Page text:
Getting straight information about the Higgs boson can be hard work. When Time magazine nominated the Higgs boson their "Person of the Year," each sentence in the nomination paragraph contained serious factual errors. (Some of these are errors I've been guilty of, as well, such as calling physicist Peter Higgs a Scottish physicist, even though he was born in England, not Scotland. Sorry for that slip, Dr. Higgs.)
But even in more meaningful ways, the science related to the Higgs boson can be confusing. For example, it's common to say that the Higgs boson is what gives particles mass, but this claim is misleading in many ways. For one thing, it's really the Higgs field that gives the mass, through a process called "the Higgs mechanism." The Higgs boson itself is a rare manifestation of this field as a particle, which only shows up (and can be detected) when a lot of energy is pumped into the field ... such as in the Large Hadron Collider (LHC).
And the Higgs isn't even needed to explain all of the mass - or even most of the mass - in our universe. Quarks and the particles made up from them - protons and neutrons, for example - all have mass even without incorporating the Higgs mechanism. The masses explained by the Higgs mechanism are the relatively small amount of mass possessed by the W Boson and Z Boson.
The basic (or garden-variety) Higgs boson completes the Standard Model of particle physics by explaining where these masses come from ... and evidence released this week has made it clear that the particle announced last summer by researchers at CERN probably fits the bill. But many theoretical physicists had been hoping for a bit more, because if the LHC had discovered multiple versions of the Higgs boson, it would have provided evidence that would have supported the theoretical physics concept of supersymmetry. This weeks' announcement, which includes analysis of about two and a half times more data than what was available last summer, gives no clear evidence of supersymmetry.
For a while now, there has been talk within the physics community about the need to look for new ideas. The more-standard-than-hoped Higgs leaves scientists in the position of having to really consider abandoning the notions at the heart of supersymmetry, which has been a cornerstone of theoretical physics models beyond the Standard Model for over a quarter century. The failure to actually demonstrate supersymmetry is a serious problem, as suggested in Lee Smolin's 2007 book The Trouble with Physics, but has more recently been taken up by other physicists who are considering what could take supersymmetry's place if the evidence found at the Large Hadron Collider doesn't fit with that model. Young physicists have to really consider whether they want to continue investigating supersymmetry or begin trying to find whole new directions to answer the outstanding great problems in theoretical physics.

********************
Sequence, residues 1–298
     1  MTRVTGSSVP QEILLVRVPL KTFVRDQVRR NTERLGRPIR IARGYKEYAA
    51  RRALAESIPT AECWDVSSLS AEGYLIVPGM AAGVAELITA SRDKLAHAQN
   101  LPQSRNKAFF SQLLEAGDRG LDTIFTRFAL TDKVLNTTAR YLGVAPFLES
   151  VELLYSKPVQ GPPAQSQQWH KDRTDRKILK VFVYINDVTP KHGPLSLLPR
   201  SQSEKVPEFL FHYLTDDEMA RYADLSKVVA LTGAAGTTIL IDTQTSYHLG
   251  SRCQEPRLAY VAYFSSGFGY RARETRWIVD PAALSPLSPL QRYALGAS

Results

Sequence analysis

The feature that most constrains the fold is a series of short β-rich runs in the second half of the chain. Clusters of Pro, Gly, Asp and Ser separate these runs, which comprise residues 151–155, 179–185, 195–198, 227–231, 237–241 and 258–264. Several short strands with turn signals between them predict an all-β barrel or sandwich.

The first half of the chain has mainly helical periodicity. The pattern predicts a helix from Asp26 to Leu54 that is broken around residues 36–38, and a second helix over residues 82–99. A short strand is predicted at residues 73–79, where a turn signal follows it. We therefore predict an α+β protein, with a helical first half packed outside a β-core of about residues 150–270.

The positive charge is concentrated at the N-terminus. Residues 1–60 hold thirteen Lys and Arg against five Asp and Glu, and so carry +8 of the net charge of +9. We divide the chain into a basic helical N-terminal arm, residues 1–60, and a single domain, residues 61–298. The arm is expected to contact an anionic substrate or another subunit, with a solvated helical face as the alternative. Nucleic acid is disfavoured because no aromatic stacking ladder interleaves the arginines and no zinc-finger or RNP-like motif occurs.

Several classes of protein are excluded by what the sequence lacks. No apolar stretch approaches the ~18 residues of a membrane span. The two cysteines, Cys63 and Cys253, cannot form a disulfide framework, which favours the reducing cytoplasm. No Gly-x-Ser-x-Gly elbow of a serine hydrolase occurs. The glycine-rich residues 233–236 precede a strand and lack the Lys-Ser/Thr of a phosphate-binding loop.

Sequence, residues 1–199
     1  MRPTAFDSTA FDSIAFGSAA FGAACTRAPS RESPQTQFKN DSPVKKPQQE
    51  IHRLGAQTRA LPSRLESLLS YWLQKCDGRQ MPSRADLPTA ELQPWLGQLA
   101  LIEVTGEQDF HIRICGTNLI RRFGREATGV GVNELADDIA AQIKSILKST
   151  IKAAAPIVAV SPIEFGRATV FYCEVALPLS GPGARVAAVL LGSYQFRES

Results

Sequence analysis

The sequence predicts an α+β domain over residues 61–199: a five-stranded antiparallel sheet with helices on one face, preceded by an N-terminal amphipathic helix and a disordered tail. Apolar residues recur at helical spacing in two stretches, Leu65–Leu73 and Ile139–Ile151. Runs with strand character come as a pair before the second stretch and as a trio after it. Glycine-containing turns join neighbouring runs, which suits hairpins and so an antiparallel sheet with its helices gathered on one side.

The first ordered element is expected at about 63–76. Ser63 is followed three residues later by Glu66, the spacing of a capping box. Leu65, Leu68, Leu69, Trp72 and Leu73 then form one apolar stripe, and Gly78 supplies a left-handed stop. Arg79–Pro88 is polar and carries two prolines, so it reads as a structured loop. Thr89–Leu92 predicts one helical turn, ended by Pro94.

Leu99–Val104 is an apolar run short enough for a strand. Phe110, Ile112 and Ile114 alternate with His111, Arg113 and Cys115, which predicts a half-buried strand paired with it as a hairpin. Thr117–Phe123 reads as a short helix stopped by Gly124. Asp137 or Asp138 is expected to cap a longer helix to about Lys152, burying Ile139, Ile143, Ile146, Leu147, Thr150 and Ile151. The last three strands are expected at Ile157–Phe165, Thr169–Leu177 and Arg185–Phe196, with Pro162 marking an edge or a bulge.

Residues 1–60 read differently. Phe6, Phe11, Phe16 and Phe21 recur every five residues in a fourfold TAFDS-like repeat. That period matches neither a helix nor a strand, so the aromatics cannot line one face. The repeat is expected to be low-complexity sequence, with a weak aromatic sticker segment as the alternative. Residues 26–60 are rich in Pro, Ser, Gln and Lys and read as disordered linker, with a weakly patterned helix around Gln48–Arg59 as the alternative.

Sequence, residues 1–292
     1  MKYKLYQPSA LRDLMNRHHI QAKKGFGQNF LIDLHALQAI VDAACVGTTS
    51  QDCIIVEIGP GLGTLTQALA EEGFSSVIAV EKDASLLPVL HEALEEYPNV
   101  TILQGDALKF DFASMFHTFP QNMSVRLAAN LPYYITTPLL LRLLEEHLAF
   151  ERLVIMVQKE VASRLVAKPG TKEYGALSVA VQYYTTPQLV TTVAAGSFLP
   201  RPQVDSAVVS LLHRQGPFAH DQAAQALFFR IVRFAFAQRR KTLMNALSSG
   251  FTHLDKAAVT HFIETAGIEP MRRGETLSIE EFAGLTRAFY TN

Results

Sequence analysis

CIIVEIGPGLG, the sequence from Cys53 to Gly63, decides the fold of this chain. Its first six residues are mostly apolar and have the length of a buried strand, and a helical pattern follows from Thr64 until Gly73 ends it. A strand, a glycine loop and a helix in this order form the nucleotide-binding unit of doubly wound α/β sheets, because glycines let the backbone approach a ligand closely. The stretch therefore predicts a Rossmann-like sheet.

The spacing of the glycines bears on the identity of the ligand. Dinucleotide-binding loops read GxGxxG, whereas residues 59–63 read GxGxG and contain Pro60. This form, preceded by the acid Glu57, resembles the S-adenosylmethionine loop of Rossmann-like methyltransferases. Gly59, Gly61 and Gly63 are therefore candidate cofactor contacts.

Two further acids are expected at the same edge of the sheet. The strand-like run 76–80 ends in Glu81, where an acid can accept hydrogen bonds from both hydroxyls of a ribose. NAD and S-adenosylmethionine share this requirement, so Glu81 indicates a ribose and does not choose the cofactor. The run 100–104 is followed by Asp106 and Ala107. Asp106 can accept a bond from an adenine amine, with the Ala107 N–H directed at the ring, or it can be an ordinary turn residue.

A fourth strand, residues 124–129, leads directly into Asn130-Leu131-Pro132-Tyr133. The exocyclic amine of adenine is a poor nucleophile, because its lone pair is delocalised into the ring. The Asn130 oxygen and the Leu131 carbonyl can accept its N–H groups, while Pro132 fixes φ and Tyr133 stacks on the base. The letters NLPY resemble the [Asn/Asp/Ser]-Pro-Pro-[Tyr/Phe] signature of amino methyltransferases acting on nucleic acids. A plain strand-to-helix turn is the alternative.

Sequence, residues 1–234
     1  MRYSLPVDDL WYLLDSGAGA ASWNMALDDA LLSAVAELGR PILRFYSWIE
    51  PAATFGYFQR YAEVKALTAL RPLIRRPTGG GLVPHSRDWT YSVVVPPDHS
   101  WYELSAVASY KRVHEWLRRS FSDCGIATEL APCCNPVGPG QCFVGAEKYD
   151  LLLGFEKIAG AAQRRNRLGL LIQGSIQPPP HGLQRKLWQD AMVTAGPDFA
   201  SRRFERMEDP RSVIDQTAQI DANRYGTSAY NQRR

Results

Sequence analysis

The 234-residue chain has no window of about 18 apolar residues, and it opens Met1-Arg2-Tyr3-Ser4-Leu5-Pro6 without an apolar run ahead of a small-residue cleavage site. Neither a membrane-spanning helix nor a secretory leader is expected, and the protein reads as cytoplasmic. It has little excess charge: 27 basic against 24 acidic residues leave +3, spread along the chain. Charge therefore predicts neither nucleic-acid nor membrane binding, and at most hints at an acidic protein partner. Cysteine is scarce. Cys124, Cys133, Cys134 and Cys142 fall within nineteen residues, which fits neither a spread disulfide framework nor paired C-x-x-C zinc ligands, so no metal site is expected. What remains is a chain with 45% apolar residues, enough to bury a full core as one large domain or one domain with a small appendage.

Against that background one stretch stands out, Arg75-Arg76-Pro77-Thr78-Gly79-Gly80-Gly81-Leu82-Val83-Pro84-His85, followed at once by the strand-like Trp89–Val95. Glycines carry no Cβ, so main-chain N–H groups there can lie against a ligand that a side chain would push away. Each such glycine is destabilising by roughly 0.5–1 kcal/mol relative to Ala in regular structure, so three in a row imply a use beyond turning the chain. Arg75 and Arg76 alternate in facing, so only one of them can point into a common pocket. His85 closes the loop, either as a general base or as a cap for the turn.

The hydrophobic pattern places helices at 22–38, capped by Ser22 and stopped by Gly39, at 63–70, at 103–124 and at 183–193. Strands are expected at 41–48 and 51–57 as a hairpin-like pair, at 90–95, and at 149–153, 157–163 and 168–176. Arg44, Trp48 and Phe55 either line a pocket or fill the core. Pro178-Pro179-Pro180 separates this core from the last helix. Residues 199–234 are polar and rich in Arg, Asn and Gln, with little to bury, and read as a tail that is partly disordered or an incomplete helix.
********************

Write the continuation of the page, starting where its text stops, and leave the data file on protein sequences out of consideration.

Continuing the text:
More results may be a while in coming. The Large Hadron Collider has shut down for a couple of years, set to go back online in 2015. At that point, it'll come back online with enhancements to its power and, potentially, any Higgs results that would extend beyond the "garden-variety Higgs" might show up at that time, although proving conclusively that this is the Higgs boson will take a few years' worth of data collection.
Even with the data that exists, though, new areas of research are coming to light. Plugging the existing data into the laws of physics as we understand them resulted in a result, announced by a Fermilab scientist last month, that our universe might be unstable. If these results are true, our universe will still have billions of years ... but then will be wiped out as it decays into a more stable alternate universe.
Other Related Articles:
- FoxNews.com - 6 implications of finding a Higgs boson particle, Mar. 14, 2013
- NBC News Science - Particle confirmed as Higgs boson, Mar. 14, 2013
- Reuters - Strong signs Higgs boson has been found: CERN, Mar. 14, 2013
- Wall Street Journal - New Data Boosts Case for Higgs Boson Find, Mar. 14, 2013
- Huffington Post - Higgs Boson Discovery Confirmed After Physicists Review Large Hadron Collider Data at CERN, Mar. 14, 2013
- Science Alert - Definitely, maybe: evidence grows for positive ID of Higgs boson, Mar. 14, 2013
- Yahoo News! - Why the Higgs Boson May Seal Fate of the Universe, Feb. 22, 2013